Felix is clearly in his element. He is ‘reading’ a rock face. Visualising the route up. For this climber, focusing on the here and now, concentrating on the next move or hold makes him totally relaxed. Being outdoors, surrounded by nature, is his way of relaxing. Felix is a calm, softly spoken person. But being surrounded by tall trees, mountains and open rock faces sets him even more at ease.
“I like to find a balance between excitement and control. I am naturally a bit careful. The times I have been frightened I have either turned back or hurt myself. I have learnt to listen to my fear – it is a natural warning signal.”
Felix’s love of nature, climbing and mountains started when he was around seven years old. He lived in Switzerland at the time and although he was used to a landscape dominated by mountains he’d never really considered climbing those peaks. But that changed the day his babysitter rigged up some ropes and harnesses on his bunk bed. From then on, he was obsessed with climbing.
“That first experience was fantastic. And soon afterwards we were out trying to climb in the mountains. Even if we thought it was a big adventure then, we probably only crawled around on a little rock. But we learned the importance of equipment, safety and of being careful.”
Felix’s love affair with climbing continued to blossom. He spent summers trekking in the Swiss Alps with his parents and younger brother and sister learning how to use ropes and belaying devices. And over the years his experience has grown along with his respect for nature.
“Being a good competitive climber, who is strong and fast after hundreds of hours indoors is not worth much if you’re never outside. The hours I have spent in the mountains have given me invaluable experience. Nature can never be perfect theoretically. It is practical.”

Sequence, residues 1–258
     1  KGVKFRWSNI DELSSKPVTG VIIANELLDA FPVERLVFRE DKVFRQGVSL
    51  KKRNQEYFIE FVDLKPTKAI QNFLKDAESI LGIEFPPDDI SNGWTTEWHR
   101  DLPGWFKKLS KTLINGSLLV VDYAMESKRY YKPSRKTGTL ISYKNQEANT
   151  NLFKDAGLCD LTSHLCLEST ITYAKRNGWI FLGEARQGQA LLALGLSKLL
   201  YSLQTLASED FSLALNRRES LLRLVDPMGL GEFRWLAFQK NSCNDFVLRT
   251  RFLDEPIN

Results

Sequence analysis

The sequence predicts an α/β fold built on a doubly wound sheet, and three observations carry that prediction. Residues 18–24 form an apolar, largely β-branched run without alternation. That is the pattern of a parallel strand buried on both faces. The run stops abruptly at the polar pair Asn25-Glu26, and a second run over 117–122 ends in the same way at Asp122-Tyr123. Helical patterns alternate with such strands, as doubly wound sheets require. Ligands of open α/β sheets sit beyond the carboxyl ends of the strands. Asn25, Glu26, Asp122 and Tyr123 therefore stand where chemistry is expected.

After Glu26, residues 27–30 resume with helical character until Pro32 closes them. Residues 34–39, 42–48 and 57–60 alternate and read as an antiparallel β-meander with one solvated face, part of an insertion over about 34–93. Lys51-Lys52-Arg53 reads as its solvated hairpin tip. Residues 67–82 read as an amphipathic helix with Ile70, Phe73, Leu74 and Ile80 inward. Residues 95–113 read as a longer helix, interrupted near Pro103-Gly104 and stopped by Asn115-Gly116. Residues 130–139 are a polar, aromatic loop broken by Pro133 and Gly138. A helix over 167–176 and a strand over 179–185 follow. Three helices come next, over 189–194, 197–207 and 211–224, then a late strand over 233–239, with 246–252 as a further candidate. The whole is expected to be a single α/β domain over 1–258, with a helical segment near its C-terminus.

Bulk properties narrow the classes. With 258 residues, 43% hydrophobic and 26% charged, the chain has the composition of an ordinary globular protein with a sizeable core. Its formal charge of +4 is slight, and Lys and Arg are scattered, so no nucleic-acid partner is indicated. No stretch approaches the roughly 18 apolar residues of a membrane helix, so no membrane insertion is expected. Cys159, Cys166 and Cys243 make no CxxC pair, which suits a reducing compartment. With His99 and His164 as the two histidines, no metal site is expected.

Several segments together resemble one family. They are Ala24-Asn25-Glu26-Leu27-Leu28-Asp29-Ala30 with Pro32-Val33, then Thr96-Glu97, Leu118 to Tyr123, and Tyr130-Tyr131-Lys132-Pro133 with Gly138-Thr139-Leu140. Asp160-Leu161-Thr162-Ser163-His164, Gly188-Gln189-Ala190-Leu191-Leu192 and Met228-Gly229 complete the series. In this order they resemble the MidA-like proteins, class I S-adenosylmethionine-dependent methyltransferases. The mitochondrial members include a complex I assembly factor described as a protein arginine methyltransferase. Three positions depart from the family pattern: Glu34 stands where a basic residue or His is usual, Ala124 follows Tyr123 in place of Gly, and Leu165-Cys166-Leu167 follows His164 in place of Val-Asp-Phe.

And this experience has made him wise beyond his years. He notices the small things. He pays attention to changes in the weather, landscape and temperature. It actually feels as though he’s probably more comfortable out here than at home.
“When you’re outdoors you have to be able to see changes. A climb that was straightforward on a warm summer’s day is entirely different in bad weather. An icefall can be stable one metre and porous the next. Experience lets you operate at a higher capacity and makes more things possible. Challenges and experiences can always be found, regardless of if you are a beginner or a professional.”
But now Felix and his wife have a new challenge. Their first child together will change their climbing situation. Their focus has now changed. For these climbers, climbing will now come second. There is something – or someone – that’s more important.
“The most important thing now is to make sure our daughter enjoys being out in nature, that she thinks it’s fun to be outside. For me it was always about fun when we were outdoors when we were small, never about performance. That was how we learned, my brother and I. Climbing in trees, on rocks, going up to a hut in the Alps with our parents and having fun in the mountains. I’m really looking forward to it to showing our daughter the fun side of nature. And in time, I hope that she will take an interest in climbing too.”